Fairhaven’s ghostly music legend may have some hints of truth

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Never let the truth get in the way of a good ghost story or urban legend, as this tale from Fairhaven proves.

One of SouthCoast’s most enduring legends is the story of the ghostly old woman who will change your radio number when you cross a certain point on Main Street in Fairhaven.

The interesting thing about this legend, however, is that there seems to be at least some truth to it.

According to the story, the elderly woman resided at Nichols House, a retirement home on Main Street which still stands today, although it is now known as The Royal at Fairhaven. She loved to sit in the living room of the nursing home each afternoon and listen to the radio on her favorite classical music station.

However, there was supposedly a nurse at the nursing home who didn’t get along with the woman, and every time she sat down to listen to his music, he changed the dial to his favorite rock station, just to annoy him.

Well, one day, she had had enough. She got up from her chair and ran through the front door of the care home and out into the street – where she was struck and killed by a passing car.

According to legend, if you drive past the Royal with your car radio tuned to the nurse’s rock station, 102.9 FM, the signal will cut out completely and be replaced by loud, booming classical music as you pass the retirement home. She’s the ghost of the woman, manipulating your radio from the Other Side, making sure no one ever replaces her classical music with rock and roll again.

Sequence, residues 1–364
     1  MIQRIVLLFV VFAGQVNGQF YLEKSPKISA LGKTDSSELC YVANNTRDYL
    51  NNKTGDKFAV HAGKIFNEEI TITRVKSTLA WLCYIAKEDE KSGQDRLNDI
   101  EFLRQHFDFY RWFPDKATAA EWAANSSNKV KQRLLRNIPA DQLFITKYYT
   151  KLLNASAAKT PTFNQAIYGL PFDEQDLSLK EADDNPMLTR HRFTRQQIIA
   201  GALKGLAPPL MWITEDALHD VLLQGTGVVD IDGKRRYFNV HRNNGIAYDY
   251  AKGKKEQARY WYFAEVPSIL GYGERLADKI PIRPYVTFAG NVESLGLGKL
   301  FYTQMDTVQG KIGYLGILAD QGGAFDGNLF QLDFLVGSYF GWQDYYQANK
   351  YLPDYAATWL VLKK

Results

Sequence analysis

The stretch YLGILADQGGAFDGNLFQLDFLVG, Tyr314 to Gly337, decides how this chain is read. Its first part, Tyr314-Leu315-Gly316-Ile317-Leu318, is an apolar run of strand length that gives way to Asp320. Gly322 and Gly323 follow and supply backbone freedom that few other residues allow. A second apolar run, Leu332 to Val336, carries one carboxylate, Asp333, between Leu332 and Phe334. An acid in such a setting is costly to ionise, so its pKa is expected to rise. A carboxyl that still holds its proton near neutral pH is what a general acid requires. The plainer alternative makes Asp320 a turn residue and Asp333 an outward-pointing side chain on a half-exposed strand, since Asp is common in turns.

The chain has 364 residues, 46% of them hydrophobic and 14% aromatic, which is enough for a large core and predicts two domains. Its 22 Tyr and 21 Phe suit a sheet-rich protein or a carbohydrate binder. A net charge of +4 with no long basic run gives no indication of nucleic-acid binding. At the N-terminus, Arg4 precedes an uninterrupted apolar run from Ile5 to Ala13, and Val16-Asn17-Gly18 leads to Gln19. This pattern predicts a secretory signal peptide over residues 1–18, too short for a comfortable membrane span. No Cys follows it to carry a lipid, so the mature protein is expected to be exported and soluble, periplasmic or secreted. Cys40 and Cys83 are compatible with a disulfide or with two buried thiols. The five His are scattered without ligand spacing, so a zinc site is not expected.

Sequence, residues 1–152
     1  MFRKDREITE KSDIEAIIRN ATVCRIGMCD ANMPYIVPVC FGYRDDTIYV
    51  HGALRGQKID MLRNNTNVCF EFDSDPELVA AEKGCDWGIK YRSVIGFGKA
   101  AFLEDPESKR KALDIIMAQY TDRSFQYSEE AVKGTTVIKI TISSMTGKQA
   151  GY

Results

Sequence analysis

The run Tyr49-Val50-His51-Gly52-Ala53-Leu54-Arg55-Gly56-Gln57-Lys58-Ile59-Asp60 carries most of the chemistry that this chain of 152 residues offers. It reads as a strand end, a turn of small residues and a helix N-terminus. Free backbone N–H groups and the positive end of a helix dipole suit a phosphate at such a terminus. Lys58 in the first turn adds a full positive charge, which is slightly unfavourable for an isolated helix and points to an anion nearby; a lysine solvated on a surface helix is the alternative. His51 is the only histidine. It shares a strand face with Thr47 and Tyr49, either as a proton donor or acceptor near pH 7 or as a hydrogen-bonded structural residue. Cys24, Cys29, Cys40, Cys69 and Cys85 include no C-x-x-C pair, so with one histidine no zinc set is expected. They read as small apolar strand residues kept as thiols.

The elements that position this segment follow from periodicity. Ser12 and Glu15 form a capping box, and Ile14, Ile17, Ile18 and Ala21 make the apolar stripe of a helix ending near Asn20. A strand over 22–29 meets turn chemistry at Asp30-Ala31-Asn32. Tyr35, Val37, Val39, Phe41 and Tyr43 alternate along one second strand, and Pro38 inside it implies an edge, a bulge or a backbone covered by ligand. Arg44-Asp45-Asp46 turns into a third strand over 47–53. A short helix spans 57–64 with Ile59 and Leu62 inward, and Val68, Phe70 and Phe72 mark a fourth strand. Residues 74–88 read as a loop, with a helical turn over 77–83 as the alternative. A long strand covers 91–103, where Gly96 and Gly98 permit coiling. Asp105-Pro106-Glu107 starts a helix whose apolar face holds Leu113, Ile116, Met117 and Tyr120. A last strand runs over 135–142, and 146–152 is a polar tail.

Now there doesn’t appear to be any record of an elderly woman being beaten and killed outside the nursing home, at least nothing that has been reported. More likely than not, the story was made up. Maybe it’s a true story that just happened elsewhere and has been attributed to Fairhaven – because there’s some truth to the legend of the rock and classical music station cutoff that replaces it, at least until 2009.

Dial tuning 102.9 FM is Cape Cod rock station WPXC, and for 55 years, classic Boston station WCRB has broadcast on the 102.5 frequency. For some reason this little stretch of Main Street in Fairhaven was where these signals intermingled and one intermixed. It’s no coincidence that the stories of the old woman changing your car stereo to classical music seemed to end just when WCRB turned the dial down in 2009.

Now, 102.5 is a Boston country music station, and you’ll still occasionally get crossover signals between that station and the Cape Rock station – but no one is blaming that on a ghostly old woman.

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